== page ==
“Don’t you worry, Ashwin,” Glen said with a slight gruff. “We’ll be saved soon. The army will be here any day now.”

“No, they won’t,” the boy said. “The monsters will get them too. Just like Daddy.”

“Shh, shh,” Priyanka said, covering Ashwin’s ears. “Don’t fill his head with such nonsense. We know we will have to make our own luck if we’re going to survive.”

She picked up her son and laid him down on one of the blankets. She continued to sing a song until the boy’s breathing became steady and slow.

Priyanka inched back to her side of the makeshift bedroom and sighed.

“Dads?” Sarah whispered.

“Yes, sweetie?” Lance and Glen said.

“Can we try the radio again?”

“Only if you keep it down,” Priyanka said with a hiss.

“Yes, yes, of course,” Lance answered.

The teenager fumbled in the dark for a moment before the sound of static filled the room.

She moved the dial, the frequency of the static changed with each turn. She moved it fast and slow from one end to the next for several minutes.

“Don’t leave it on too long, hun,” Glen said. “Conserve the batteries.”

“Okay,” she turned one last time and heard a voice on the other end.

“Repeat, if there are any survivors out there, you are not alone.”

The group gasped in varying states of surprise. Survivors!

They listened intent on the transmission and the words said: their names and their location – an abandoned army base and a laundry list of ways to survive on the outside.

“The key is light. They hate light.”

The transmission ended and Sarah turned the radio off. The group sat in silence for a moment.

“How are we going to get all those items?” Sarah asked.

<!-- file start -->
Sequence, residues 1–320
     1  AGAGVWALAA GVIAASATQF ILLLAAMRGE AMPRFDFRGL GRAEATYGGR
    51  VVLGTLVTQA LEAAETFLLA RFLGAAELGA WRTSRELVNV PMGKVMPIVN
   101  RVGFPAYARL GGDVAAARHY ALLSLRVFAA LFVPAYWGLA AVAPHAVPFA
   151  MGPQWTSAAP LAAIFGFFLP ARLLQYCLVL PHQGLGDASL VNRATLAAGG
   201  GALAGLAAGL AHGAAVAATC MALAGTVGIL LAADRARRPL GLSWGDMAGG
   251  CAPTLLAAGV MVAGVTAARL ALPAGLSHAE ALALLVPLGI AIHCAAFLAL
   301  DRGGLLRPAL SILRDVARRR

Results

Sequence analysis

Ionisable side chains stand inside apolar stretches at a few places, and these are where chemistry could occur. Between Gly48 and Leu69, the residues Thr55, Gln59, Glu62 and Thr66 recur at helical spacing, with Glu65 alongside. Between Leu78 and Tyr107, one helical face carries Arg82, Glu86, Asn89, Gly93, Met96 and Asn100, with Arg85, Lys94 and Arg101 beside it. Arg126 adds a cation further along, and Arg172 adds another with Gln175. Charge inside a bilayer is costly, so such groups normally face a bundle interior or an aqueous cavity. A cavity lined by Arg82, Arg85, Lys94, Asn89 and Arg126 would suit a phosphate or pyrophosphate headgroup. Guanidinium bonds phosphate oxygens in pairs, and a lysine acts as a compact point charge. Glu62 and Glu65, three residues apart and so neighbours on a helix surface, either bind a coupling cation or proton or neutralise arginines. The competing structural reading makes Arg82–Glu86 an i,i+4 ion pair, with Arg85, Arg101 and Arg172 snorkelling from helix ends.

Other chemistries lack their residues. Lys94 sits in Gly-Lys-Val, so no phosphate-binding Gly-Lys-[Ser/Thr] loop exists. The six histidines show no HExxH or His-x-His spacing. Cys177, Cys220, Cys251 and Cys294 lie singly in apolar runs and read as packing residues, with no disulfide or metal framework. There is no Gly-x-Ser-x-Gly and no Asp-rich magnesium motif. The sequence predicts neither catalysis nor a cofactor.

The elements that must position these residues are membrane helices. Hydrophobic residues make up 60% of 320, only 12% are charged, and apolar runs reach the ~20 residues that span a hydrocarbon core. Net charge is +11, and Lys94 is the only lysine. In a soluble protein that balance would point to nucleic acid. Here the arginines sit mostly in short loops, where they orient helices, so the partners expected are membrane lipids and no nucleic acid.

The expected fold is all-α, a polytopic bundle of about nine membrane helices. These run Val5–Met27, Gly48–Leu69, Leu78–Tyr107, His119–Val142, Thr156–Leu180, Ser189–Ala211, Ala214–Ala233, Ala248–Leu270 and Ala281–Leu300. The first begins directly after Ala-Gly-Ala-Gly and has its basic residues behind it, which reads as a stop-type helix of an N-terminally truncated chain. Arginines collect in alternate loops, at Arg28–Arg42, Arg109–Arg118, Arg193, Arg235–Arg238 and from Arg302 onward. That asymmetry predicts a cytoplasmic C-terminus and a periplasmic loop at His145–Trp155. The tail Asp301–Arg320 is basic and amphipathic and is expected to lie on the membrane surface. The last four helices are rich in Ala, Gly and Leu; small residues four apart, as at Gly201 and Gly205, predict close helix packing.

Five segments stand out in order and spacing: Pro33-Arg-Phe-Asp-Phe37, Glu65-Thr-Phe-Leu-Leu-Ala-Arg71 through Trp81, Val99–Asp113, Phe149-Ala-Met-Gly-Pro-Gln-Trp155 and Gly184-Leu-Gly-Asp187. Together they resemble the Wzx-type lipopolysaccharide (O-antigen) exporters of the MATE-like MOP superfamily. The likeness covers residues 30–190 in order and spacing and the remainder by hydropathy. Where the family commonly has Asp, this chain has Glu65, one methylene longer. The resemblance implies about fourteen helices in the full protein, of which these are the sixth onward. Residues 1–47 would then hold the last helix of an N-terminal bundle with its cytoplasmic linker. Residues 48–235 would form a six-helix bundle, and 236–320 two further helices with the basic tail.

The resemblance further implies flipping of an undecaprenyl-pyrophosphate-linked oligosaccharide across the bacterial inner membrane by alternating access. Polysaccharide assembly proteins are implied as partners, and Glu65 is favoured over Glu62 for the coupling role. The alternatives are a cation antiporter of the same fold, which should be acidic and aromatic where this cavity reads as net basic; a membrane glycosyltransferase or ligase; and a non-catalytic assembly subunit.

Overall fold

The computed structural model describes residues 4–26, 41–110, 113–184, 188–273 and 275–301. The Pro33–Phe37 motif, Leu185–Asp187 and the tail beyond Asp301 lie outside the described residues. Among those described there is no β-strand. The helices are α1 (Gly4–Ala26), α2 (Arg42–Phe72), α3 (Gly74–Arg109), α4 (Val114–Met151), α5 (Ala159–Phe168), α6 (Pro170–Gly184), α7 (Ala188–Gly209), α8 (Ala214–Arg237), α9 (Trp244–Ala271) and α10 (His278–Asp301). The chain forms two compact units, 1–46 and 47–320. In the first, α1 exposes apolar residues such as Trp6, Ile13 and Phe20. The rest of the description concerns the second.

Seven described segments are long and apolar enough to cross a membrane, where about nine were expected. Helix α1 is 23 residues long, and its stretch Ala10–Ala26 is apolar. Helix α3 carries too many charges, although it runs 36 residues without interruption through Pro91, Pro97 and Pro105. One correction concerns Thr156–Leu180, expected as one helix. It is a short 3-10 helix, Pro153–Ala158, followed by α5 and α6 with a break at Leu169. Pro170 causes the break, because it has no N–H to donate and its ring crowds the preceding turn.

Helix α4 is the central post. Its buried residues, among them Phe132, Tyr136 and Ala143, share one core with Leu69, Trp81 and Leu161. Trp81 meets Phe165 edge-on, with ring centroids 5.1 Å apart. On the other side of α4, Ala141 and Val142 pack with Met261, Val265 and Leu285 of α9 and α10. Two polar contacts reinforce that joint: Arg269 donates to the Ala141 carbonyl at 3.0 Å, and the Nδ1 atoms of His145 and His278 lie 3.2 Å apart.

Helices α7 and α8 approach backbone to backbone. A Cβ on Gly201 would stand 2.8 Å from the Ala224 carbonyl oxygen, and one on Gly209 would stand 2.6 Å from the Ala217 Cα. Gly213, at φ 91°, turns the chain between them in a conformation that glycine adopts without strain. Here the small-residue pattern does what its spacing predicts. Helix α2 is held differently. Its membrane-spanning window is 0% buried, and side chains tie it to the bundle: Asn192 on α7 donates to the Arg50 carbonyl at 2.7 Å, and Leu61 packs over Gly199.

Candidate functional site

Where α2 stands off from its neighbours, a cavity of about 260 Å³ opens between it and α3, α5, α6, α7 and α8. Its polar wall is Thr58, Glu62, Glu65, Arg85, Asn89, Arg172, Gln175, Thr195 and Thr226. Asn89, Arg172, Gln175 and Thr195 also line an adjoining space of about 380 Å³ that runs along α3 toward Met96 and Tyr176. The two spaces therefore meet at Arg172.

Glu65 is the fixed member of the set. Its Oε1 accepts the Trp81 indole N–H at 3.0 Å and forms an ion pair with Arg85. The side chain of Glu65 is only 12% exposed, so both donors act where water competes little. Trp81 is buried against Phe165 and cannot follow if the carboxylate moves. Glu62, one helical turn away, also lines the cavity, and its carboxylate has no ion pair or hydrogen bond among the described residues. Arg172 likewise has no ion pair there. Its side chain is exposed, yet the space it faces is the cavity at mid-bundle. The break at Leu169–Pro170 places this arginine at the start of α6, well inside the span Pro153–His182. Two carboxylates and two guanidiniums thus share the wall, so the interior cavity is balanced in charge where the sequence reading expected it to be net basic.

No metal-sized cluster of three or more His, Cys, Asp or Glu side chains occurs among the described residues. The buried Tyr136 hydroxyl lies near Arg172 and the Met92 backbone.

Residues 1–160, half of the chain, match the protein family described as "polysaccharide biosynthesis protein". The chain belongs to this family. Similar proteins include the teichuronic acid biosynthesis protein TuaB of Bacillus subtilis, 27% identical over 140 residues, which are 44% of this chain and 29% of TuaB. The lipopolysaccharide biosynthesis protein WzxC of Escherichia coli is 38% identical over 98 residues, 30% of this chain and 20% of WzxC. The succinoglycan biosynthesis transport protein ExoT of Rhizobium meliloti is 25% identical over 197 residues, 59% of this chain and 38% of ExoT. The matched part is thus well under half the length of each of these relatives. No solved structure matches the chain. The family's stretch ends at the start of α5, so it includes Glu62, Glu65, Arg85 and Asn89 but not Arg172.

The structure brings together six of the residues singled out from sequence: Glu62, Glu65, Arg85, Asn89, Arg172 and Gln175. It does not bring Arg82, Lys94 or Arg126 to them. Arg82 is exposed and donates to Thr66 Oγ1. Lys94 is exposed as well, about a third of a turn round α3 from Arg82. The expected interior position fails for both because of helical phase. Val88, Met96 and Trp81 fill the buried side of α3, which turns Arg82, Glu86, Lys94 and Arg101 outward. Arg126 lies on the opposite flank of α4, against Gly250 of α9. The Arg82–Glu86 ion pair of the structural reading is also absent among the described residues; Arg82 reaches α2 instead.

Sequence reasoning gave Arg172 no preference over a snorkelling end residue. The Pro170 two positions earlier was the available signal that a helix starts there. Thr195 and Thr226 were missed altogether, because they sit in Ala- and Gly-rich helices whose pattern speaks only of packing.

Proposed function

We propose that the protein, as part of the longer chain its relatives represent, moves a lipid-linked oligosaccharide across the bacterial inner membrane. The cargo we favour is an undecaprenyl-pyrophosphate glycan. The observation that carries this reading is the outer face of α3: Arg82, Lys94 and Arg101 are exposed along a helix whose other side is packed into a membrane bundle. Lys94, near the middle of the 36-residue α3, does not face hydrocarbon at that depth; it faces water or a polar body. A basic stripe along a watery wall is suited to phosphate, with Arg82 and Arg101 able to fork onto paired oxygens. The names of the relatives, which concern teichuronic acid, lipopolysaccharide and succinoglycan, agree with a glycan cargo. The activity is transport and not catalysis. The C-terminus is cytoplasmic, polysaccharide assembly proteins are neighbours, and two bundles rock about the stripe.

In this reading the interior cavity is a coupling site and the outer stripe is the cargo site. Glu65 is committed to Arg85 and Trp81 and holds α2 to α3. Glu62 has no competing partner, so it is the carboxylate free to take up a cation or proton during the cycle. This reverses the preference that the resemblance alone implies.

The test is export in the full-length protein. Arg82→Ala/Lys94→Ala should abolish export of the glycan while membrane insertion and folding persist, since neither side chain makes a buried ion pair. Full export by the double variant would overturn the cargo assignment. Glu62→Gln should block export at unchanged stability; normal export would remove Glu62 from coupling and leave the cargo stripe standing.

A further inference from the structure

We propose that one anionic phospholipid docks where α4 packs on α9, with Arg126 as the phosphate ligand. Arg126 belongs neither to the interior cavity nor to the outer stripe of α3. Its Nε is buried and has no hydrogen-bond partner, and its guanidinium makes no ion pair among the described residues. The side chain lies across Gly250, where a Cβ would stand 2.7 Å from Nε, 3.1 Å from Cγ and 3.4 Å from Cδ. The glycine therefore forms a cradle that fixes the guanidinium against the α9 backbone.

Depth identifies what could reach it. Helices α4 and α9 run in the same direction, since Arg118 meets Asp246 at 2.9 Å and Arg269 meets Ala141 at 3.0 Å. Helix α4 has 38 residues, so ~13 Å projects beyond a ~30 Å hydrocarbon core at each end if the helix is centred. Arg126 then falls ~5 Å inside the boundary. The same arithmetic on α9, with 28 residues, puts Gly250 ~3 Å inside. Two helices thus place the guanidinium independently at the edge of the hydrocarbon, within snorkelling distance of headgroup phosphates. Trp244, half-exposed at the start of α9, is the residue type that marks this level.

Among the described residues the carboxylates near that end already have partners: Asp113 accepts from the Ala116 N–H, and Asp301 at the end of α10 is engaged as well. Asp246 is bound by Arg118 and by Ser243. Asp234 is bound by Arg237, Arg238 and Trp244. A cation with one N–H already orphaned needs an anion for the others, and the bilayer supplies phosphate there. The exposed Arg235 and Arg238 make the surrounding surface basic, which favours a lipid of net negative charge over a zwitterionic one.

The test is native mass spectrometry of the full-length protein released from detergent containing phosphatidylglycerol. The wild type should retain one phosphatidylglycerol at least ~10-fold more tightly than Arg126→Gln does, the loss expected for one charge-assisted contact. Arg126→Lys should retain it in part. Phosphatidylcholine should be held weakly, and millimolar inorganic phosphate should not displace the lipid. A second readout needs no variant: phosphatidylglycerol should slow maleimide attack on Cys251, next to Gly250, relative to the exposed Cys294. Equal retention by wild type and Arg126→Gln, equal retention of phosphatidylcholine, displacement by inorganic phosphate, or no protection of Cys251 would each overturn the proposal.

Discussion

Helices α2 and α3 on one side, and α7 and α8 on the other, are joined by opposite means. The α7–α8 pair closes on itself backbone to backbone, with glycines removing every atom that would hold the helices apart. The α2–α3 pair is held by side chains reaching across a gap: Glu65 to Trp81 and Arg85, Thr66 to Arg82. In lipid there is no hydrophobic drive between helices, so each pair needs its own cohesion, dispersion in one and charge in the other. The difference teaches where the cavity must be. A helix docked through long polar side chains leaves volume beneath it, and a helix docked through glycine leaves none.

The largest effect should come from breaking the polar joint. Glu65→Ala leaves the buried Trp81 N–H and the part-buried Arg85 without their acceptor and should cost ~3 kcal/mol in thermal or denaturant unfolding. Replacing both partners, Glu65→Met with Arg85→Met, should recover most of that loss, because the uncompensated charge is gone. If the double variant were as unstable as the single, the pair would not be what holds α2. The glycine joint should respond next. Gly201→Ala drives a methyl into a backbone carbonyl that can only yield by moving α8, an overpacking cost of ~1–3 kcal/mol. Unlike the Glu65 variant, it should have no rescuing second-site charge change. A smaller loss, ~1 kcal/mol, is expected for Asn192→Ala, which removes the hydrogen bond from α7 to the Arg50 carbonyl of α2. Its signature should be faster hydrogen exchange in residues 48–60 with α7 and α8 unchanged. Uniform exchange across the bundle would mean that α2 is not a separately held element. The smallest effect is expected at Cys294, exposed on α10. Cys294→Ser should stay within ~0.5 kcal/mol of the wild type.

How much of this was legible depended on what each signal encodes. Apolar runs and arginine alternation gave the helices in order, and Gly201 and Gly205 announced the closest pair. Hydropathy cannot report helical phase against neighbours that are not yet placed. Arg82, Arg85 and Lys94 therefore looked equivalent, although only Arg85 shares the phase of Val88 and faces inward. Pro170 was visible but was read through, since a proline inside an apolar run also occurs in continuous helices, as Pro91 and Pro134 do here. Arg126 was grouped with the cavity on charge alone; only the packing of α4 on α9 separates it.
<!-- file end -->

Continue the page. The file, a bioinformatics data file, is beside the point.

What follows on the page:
“I know where some batteries are,” Glen said. “Mr Saunders – ”

“The man with the little dog?” Lance asked.

“The very same… He used to keep a jar of batteries… for the apocalypse.”

“But Dads… he was one of the first to turn.”

“Then he’s long gone now,” Glen said.

For the first time they ignored the cries, the gurgles, and the bangs around the warehouse. They had hope.

It wasn’t until they all stood, like a giant mob, at Mr. Saunders’s door the next morning that they realized the truth. Overgrown grass and weeds covered the once immaculate lawn.

He greeted them from under the front porch. Batteries and a tiny dog head stuck out of the bulbous form.

Their screams were hushed as they became one with the host.

Midnight Dreamer

IMG_20170522_054502Awake. Again. At midnight.

Tears cover my pillow. I wipe my nose, not daring to sniff in fear of waking someone.

Why don’t you like me? I’m fifteen. Shouldn’t I have a boyfriend by now?

But the trumpet player doesn’t like me that way. Instead, he looks right past me. His gaze falls on my friends. Their perfect hair, perfect skin, and perfect breasts are as far from me as can be. I’m so cool, though. He tells me so. I play games with him, watch movies, talk about all the things he likes. It’s gotta be the way I look – my acne-riddled face, my big nose, my tiny mouth, and my ridiculously small boobs. That’s why no guy wants me, least of all him.

I close my eyes.

Across a crowded room, he enters.

His blue eyes search and fall on me.

His mouth widens in a smile.

Ignoring all else, he comes to me.

“Hey.” “Hey.” We say.

He leans in.

Noses touch.

Lips touch.

*****

Awake. Again. At midnight.

My pillow and mattress are damp with sweat. I stare at the ceiling as rivers trickle down from my eyes to my ears.